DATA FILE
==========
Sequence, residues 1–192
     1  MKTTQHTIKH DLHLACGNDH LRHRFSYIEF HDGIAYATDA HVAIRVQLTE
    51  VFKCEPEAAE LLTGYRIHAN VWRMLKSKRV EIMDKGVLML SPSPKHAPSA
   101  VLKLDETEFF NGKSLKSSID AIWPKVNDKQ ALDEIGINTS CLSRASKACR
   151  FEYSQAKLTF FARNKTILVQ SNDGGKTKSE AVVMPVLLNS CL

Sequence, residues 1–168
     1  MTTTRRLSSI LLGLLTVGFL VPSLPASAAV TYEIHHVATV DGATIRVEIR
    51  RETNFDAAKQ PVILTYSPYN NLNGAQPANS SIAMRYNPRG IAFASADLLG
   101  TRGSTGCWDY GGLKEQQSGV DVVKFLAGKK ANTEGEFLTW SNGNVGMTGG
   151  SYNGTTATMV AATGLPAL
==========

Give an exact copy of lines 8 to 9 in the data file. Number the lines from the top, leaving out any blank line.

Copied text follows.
    51  RETNFDAAKQ PVILTYSPYN NLNGAQPANS SIAMRYNPRG IAFASADLLG
   101  TRGSTGCWDY GGLKEQQSGV DVVKFLAGKK ANTEGEFLTW SNGNVGMTGG